Not Just About Bible Verses
Remember, content marketing is the practice of engaging with people online by offering them information that is useful to them. If we are trying to reach people who are not already involved in the church we must create content that is “useful.” People who do not attend church may not find Bible verses “useful.” To engage with new people, we need to look at their needs and pain points.
So What Content?
What information are people in your community looking for that your church can provide? What areas of help and expertise does your church already excel at that could be valuable to the wider community?
One way to get at this would be to look at the search trends in your area to see what people are searching for. You can do this using tools like Google Trends, which will show you statistics for search terms by geographic region.
A better place to begin is with content your church already has access to. This goes back to the question, “what areas of help and expertise does your church already excel at?”
What Are You Good At?
Does your church offer a food pantry or other feeding ministry? You should list that on your website. But even better, do you have volunteers or staff that could post regularly about nutrition, or healthy eating for families on a limited budget? Could someone keep an updated list of all the places in your area that offer food pantries or free meals?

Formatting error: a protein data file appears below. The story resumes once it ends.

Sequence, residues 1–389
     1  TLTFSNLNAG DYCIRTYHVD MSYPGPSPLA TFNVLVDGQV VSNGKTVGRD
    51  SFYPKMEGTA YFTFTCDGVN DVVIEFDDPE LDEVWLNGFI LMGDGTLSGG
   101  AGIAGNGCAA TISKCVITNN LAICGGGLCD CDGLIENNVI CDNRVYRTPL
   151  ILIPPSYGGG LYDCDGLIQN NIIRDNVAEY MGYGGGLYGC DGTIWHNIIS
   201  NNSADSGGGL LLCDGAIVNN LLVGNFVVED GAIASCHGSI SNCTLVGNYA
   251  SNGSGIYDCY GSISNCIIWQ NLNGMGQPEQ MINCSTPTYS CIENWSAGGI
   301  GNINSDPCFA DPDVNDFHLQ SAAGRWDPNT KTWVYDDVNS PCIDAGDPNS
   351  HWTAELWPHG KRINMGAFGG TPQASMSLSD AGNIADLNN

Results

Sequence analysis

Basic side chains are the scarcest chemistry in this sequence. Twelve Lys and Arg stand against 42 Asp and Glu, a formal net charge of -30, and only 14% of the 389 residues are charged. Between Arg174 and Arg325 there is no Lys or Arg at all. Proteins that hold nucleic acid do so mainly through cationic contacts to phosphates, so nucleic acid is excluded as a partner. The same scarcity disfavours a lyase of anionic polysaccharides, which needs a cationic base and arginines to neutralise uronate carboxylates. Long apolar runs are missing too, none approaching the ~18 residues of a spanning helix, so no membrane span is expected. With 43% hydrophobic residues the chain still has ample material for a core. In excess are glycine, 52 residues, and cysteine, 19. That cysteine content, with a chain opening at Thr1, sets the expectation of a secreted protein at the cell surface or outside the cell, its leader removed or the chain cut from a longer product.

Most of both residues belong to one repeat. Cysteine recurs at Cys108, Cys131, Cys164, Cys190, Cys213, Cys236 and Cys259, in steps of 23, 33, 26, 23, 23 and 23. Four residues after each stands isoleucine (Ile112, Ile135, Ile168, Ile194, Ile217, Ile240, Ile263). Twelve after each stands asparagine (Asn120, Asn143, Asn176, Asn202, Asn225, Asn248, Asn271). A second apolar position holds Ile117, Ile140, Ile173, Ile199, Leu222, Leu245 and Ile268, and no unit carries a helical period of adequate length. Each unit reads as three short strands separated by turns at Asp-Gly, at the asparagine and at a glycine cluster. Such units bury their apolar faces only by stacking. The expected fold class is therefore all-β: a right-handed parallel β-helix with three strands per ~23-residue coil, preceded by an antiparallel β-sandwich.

Is your pastor gifted at premarital counseling? People are always searching the web for information about weddings and marriage. What if she wrote a blog about things couples can do before tying the knot?
Does your church offer English as a Second Language courses? It is great to have information about those classes on your website. But even better, would it be possible for your instructor or team to write some content about the challenges of learning a second language? What about an article on what to look for in an ESL class? Maybe a post on frequently asked questions about ESL. Or even a current list of, not just your offerings, but all the quality ESL classes offered in your area.
Churches also shouldn’t avoid the topic of faith and the Gospel. Christians know how the Word of God can speak to the questions and struggles people face daily. However, in doing so, remember that we need to start with the questions and pain points of the people we are trying to reach. It is okay to point people to the transformational nature of the Gospel, the value of a church community, and the power of prayer. Just remember, that might not be what they think they are looking for. Your content will need to be a part of guiding them there. Faith development mostly happens in relationships, so focus on the relationship first.
I have given just a few examples but the best ideas will come from churches that consider what they have to offer. Maybe it is about parenting, finances, time-management, healthy living, community resources, foster-parenting, legal services.
Whatever it is, put it out there. It will lead people to you. Once they have found you, they may explore your website, they might even come and visit. They may not do any of those things. But, in the long term, they may begin to see the church as helpful and relevant. That is a good thing.